Dec 16, 2011Pumpkin production up
Pumpkins belong to the cucurbitaceae family, which also includes cucumbers, squash, gourds, cantaloupes and watermelons. They grow best on soils with a pH of 5.8-6.6. Because they require a constant supply of moisture, soils with good filtration and water holding capacity are ideal. Pumpkins are a warm season annual crop and require 90-120 frost-free days to reach maturity. They are very sensitive to cold temperatures and even a slight frost can cause injury.
In addition to soil, sun, water and seed, pumpkins need bees for complete pollination and fruit set. Pumpkins have both male and female flowers so bees are needed to transport the pollen from the male to the female flower.
In fact, bees are so important that growers often rent one-two hives per acre to ensure optimal yields. Since pollination occurs at different times, multiple harvests are common.
According to the Agriculture Marketing Resource Center, in 2011 pumpkins harvested from 48,500 acres in the United States were valued at $116.5 million. Illinois leads the nation in production and is followed by California, New York, Ohio, Pennsylvania and Michigan. Illinois also led the nation in the number of acres planted in 2010 (15,400 acres), however Michigan ranked second with 7,400 acres dedicated to pumpkins. In Michigan, pumpkins are grown primarily for processing and jack-o-lanterns. In 2010, Michigan growers harvested 95.2 million pounds with a total production value of 13.8 million.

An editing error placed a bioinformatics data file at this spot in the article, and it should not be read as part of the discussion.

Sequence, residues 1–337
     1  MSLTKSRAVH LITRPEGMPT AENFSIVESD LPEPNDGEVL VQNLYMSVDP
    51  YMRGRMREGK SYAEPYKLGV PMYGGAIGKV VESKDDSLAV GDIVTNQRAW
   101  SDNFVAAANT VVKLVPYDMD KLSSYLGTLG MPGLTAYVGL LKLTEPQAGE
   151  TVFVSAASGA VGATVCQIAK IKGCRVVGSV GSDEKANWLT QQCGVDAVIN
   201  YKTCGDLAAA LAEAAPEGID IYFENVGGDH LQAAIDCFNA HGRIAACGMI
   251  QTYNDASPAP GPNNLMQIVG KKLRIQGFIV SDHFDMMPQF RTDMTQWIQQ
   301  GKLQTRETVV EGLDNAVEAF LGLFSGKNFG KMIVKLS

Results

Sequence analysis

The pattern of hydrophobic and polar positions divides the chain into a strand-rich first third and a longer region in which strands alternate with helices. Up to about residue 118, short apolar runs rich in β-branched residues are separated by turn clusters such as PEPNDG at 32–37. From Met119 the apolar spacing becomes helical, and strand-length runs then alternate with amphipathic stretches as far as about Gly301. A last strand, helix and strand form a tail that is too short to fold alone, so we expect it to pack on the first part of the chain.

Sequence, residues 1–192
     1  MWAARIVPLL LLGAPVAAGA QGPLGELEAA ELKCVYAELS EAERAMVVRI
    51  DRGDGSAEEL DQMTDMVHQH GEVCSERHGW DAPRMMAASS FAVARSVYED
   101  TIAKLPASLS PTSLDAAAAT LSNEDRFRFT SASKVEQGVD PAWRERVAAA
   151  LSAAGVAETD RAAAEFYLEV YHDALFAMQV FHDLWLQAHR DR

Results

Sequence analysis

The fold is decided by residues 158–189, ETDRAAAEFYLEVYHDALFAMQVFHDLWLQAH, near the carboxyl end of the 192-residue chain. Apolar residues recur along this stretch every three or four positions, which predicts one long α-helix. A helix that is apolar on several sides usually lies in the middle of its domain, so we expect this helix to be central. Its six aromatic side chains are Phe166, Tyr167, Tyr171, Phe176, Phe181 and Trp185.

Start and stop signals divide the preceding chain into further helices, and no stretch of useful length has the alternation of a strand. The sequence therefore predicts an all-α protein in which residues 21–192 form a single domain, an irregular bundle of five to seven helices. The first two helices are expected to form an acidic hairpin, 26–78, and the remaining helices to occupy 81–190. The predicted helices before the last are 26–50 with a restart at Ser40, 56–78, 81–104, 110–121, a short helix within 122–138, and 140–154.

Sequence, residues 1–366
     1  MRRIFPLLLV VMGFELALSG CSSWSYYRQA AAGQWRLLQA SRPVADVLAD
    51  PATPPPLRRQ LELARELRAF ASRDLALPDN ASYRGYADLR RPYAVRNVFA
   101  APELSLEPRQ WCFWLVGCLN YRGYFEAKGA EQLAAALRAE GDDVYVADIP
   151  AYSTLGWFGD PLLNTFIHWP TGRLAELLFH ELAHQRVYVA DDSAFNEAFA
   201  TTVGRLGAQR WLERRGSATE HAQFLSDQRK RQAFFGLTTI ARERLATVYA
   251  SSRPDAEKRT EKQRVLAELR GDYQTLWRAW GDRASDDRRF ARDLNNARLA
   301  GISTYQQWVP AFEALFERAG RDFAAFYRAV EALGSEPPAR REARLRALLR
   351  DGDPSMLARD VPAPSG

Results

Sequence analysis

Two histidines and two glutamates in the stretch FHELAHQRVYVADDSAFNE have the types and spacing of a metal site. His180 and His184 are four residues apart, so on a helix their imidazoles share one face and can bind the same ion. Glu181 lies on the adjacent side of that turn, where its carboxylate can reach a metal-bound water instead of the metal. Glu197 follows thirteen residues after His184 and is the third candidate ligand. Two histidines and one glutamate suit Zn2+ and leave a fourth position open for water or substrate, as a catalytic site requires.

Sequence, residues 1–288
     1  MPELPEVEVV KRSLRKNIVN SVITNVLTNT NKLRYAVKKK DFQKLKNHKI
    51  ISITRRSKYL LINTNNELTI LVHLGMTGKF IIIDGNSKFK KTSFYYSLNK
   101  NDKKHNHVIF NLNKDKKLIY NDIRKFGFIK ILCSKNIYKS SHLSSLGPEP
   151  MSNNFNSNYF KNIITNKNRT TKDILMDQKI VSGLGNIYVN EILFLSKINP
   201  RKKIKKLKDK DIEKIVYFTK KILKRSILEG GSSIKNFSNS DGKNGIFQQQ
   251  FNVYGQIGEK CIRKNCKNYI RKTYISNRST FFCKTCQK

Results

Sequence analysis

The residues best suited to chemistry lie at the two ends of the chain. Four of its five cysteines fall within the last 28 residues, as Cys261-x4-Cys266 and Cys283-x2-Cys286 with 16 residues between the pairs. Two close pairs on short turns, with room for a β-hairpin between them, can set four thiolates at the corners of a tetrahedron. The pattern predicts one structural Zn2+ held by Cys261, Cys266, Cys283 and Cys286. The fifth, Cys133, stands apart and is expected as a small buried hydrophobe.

Between 90-95 percent of the processed pumpkins in the United States are grown in Illinois. Morton, located in central Illinois, is the self-proclaimed pumpkin capital of the world. Morton is also the headquarters of the Libby’s pumpkin processing plant, which is owned by Nestle Food and cans more than 85 percent of the world’s pumpkin each year.
Due to extremely wet conditions in central Illinois in 2009, there was a shortage of canned pumpkin and pumpkin pie filling on the grocery shelves. In 2010, Libby’s expanded their contracting to acres beyond central Illinois into Michigan and they started planting earlier.
“Processing pumpkin represents a valuable new market for many Michigan vegetable growers and the processors for whom they grow,” said Norm Myers, Michigan State University Extension Senior Vegetable Production educator. “Michigan vegetable growers are hoping to expand acreage in future years.”
When it comes to Michigan agriculture, there is much to be thankful for and pumpkins are among the state’s plentiful bounty.
By Mary Dunckel, Michigan State University Extension